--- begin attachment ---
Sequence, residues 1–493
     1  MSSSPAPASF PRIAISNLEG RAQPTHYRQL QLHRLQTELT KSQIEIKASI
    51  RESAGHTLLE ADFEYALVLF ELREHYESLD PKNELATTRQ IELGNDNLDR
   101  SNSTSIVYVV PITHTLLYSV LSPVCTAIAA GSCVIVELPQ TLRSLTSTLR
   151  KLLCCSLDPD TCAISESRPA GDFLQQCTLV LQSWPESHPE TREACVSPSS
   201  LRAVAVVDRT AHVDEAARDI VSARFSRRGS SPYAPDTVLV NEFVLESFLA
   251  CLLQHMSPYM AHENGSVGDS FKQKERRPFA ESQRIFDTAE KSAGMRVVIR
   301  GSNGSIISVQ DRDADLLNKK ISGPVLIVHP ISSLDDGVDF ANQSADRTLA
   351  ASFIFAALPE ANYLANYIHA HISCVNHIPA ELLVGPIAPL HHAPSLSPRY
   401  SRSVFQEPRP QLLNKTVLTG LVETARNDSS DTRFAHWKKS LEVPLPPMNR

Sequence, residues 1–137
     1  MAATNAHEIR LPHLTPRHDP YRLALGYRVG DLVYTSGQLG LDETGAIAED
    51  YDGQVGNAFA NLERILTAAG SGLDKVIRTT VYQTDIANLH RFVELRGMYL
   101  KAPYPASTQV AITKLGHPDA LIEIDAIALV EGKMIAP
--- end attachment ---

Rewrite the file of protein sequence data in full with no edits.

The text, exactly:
Sequence, residues 1–493
     1  MSSSPAPASF PRIAISNLEG RAQPTHYRQL QLHRLQTELT KSQIEIKASI
    51  RESAGHTLLE ADFEYALVLF ELREHYESLD PKNELATTRQ IELGNDNLDR
   101  SNSTSIVYVV PITHTLLYSV LSPVCTAIAA GSCVIVELPQ TLRSLTSTLR
   151  KLLCCSLDPD TCAISESRPA GDFLQQCTLV LQSWPESHPE TREACVSPSS
   201  LRAVAVVDRT AHVDEAARDI VSARFSRRGS SPYAPDTVLV NEFVLESFLA
   251  CLLQHMSPYM AHENGSVGDS FKQKERRPFA ESQRIFDTAE KSAGMRVVIR
   301  GSNGSIISVQ DRDADLLNKK ISGPVLIVHP ISSLDDGVDF ANQSADRTLA
   351  ASFIFAALPE ANYLANYIHA HISCVNHIPA ELLVGPIAPL HHAPSLSPRY
   401  SRSVFQEPRP QLLNKTVLTG LVETARNDSS DTRFAHWKKS LEVPLPPMNR

Sequence, residues 1–137
     1  MAATNAHEIR LPHLTPRHDP YRLALGYRVG DLVYTSGQLG LDETGAIAED
    51  YDGQVGNAFA NLERILTAAG SGLDKVIRTT VYQTDIANLH RFVELRGMYL
   101  KAPYPASTQV AITKLGHPDA LIEIDAIALV EGKMIAP